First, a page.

James Cook University ISSN 1445-6354
Practice in rural and remote areas can offer varied and interesting benefits to a doctor’s career. However, rural settings can also often be perceived as challenging clinical environments as well as lacking some of the conveniences of city life - factors contributing to the shortage of qualified doctors recruited and retained to these rural areas. Wales has one of the lowest doctor : patient ratios in Europe. International research indicates that deep and immersive exposure to clinical experience in a rural healthcare environment may be a contributing factor in facilitating the retention of medics to rural areas. In 2016, Swansea University School of Medicine will launch a Rural Health Academic Fellows Programme. The programme will recruit 2 fellows (qualified GPs/other specialists) a year who will work as supernumerary GPs or specialists in approved, allocated rural practices and/or hospitals for 3 days a week. The other 2 days a week will be dedicated to pursuing academic work, under the guidance of a Swansea University School of Medicine Senior Clinical Academic. Fellows will be strongly encouraged to pursue a postgraduate qualification and to produce work worthy of publication in peer-reviewed journals. Each fellowship is for 3 years. The programme aims to:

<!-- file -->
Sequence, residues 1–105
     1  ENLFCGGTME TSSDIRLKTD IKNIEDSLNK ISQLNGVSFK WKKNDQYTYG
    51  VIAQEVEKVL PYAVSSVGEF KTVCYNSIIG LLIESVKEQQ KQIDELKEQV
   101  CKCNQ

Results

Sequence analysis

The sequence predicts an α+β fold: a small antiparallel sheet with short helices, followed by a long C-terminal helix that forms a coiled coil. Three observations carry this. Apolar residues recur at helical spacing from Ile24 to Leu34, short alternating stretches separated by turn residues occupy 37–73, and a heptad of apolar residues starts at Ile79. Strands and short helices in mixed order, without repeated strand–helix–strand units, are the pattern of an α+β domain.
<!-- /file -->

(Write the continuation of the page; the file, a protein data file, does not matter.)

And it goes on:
Encourage academic GP/specialist practice
Increase recruitment of GPs/specialists to rural Wales
Give pressurised rural primary care service providers the opportunity to engage in personal and practice development
Increase the retention of GPs/specialists to rural Wales.
This abstract was presented at the Innovative Solutions in Remote Healthcare - 'Rethinking Remote' conference, 23-24 May 2016, Inverness, Scotland.